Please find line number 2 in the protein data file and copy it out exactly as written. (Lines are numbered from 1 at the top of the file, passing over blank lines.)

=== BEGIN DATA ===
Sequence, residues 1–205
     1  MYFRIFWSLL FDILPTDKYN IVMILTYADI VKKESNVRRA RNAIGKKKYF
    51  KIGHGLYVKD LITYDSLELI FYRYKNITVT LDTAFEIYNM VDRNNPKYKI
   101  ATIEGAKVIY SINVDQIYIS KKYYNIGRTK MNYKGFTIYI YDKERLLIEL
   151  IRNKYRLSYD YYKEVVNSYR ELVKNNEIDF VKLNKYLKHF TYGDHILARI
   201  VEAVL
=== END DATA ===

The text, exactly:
     1  MYFRIFWSLL FDILPTDKYN IVMILTYADI VKKESNVRRA RNAIGKKKYF